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Glucose Tablets from other countries

I am moving this to a blog post, so you may have seen this before. :)

This is a photo of the glucose tablets I bought from the oldest pharmacy in Europe, which is in Dubrovnik, Croatia. I packed more glucose tabs than I thought I would need for our 2+ week trip to Europe, but by the 4th day I was already running low. I doubted I would be able to find any in Europe-- I didn't know what they were called, and it's not a common term that you would expect most people to know. We took a tour of the oldest pharmacy, and then realized that it is still in service. We waited in line and I asked the pharmacist, "Do you have glucose?" She didn't recognize the word, so I said, "sugar?" My husband then pointed to me and said, "diabetes." The pharmacist pointed to what looked like a tubes of candy on a little stand beside the cash register and said, "When sugar in blood is low, you eat this to bring up." I said, "YES! That's what I'm looking for!" She was nice enough to let us pay for them with Euros; I think that the pharmacy was only supposed to take kuna, which is the Croatian currency.
We got some more glucose tablets in Florence, Italy, where they call them "energy tablets." They worked really well! Here's a picture...

I think I will start collecting glucose tablets from every country I visit. :)

Views: 277

Comment by Hana Rous on January 7, 2008 at 6:17am
Glucose exists in 2 mirror image molecular forms. Dextrose, the right handed molecule which is biologically active and Laevose,the left handed molecule, which isn't. Both are forms of glucose. Natural glucose is a mixture of the 2.
In Britain, any pharmacist(chemist) would understand the term Glucose. Lucozade is certainly one common brand. The other one found everywhere is called Dextrosol
Lucozade is also the name of a high glucose carbonated drink. It used to be recommended to sick people, now it tends to be thought of as a sports drink. It's the fastest acting glucose I know of. Powdered glucose is also available in all pharmacies.
In other European countries, there is a distinction between the Pharmacy, where medicines are dispensed and the Droguerie, where cosmetis and perfumery goods are sold. That's coming here now. I noticed that my local giant supermarket, recently refurbished, has a department called "Pharmacy" When I was a child, nearly 60 years ago, they were known as "dispensing Chemists"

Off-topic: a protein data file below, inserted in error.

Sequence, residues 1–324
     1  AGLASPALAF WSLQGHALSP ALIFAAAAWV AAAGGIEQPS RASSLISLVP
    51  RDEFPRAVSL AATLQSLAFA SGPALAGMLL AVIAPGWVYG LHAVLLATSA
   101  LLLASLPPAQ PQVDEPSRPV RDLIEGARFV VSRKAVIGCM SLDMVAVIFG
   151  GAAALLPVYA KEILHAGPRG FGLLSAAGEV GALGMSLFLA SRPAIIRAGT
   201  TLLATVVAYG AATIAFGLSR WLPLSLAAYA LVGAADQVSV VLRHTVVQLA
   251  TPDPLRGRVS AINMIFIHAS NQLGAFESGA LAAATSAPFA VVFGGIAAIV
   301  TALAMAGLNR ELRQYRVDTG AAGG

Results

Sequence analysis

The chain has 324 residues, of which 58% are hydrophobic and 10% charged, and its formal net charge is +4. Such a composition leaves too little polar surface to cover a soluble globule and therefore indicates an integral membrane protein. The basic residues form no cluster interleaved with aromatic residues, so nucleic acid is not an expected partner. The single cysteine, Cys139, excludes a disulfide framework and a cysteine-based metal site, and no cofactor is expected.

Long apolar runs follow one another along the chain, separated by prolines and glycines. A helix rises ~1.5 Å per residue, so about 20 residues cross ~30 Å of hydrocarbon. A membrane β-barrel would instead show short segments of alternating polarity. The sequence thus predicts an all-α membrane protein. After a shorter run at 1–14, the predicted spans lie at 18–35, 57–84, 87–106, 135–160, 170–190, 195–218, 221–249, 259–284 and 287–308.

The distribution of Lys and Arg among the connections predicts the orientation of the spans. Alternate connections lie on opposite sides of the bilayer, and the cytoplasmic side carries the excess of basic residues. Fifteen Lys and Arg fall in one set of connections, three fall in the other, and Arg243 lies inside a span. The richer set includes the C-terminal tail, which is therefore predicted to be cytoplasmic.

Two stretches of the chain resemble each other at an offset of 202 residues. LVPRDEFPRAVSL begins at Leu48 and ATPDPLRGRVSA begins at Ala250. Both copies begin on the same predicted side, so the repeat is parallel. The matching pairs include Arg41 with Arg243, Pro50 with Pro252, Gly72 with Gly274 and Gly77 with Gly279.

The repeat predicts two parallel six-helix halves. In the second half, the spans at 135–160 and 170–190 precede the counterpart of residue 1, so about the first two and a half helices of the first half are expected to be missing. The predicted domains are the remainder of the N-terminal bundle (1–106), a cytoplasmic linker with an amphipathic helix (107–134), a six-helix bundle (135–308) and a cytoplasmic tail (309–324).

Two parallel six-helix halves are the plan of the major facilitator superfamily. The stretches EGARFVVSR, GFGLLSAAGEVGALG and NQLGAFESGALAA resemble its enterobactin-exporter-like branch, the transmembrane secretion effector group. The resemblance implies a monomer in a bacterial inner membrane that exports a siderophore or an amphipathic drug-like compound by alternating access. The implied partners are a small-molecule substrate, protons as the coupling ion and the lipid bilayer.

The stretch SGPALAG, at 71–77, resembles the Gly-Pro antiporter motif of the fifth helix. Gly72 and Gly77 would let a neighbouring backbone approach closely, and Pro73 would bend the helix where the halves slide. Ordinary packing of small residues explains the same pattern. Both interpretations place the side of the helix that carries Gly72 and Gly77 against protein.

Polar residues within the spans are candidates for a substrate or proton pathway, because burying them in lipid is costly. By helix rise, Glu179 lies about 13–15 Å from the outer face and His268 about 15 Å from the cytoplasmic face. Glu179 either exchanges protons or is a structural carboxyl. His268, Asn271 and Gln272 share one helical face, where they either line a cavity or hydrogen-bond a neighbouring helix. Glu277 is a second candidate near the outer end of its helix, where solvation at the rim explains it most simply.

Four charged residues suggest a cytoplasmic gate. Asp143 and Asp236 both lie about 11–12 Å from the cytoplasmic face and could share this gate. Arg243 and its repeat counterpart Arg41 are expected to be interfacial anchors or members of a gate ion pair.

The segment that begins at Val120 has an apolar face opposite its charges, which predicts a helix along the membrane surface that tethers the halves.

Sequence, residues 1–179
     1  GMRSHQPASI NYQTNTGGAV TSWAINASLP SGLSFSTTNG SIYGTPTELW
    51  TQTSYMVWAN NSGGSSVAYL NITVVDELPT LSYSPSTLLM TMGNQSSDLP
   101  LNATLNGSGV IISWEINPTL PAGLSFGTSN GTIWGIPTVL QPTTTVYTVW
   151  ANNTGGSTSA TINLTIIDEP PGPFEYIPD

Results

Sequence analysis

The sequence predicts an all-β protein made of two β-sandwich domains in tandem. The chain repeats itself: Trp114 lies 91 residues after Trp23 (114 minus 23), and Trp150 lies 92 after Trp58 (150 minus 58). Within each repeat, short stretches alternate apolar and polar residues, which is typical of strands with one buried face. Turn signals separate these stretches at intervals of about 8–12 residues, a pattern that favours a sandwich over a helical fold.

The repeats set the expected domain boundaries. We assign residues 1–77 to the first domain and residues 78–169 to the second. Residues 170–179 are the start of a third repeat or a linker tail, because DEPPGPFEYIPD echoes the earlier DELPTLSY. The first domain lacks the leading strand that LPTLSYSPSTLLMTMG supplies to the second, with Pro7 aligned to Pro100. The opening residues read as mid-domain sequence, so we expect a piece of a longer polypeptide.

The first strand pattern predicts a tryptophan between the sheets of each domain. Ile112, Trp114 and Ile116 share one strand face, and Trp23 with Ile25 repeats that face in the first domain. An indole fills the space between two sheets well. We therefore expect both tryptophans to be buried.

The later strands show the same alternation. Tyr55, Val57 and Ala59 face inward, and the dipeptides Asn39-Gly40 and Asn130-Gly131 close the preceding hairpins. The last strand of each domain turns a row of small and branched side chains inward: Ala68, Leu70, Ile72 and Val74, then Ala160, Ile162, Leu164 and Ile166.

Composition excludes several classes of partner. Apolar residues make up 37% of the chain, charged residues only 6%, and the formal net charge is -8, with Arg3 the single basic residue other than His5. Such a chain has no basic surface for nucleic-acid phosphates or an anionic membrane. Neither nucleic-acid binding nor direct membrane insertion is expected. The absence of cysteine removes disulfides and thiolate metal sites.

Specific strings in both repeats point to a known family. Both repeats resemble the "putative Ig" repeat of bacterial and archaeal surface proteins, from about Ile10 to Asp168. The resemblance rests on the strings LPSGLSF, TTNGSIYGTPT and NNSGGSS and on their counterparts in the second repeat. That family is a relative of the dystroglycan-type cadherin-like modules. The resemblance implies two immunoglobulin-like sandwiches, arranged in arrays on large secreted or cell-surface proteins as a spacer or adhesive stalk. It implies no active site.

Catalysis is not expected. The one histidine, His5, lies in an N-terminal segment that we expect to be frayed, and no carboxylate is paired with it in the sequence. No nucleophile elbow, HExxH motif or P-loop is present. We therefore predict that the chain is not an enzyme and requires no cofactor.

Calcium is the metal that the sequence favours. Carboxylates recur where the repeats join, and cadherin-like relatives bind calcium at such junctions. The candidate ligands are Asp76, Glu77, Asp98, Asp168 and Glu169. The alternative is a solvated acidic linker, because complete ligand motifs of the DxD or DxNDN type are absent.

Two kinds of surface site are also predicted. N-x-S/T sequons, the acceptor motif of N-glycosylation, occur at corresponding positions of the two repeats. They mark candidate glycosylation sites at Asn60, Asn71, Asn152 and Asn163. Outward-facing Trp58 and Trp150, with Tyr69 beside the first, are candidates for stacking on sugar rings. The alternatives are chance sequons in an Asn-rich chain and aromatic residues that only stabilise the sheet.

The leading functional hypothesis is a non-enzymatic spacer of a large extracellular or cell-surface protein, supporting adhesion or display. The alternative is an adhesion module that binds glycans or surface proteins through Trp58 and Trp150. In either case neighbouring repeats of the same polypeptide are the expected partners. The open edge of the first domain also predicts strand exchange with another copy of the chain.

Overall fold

Comment by Katie I. on January 10, 2008 at 2:06pm
Thanks so much to everyone for all the helpful info. I agree that a list would be helpful.
I didn't even think to research the terminology before I left the country, but it would have been so helpful to come across a discussion like this. I'm going to save this for the next time I travel!
Comment by Hana Rous on July 16, 2008 at 4:42am
Why do you Americans think Europe is still in the dark ages? Of course you can get glucose anywhere We even have water that is safe to drink:>). I came across capuccino flavoroured glucosein Germany, which I found plain horrid. Anything you get in the USA will be here somewhere, but may be much more expensive It might be a good idea to learn the Chemical formula for glucose C 6 H 12 O 6. Any pharmacist will recognise that even if they write in another alphabet. The numbers should be subscripts
Comment by Katie I. on July 16, 2008 at 6:40am
I did not say that I thought Europe was "still in the dark ages."
Comment by Hana Rous on July 16, 2008 at 9:20am
But you did wonder if you would find glucose here. I currently have a brand called Dextro energy in several flavours. I rarely use them. Also if looking for a pharmacy in Europe, look out for a green cross, often in lights. It's not official in every country, but it's spreading. Even here in Britain, where we still call them chemists and where the same store has a pharmacy and a perfumery usually.
Comment by packers24 on February 15, 2012 at 3:31pm

That's cool I have some old ones my dad brought me back from Germany, do you travel a lot?


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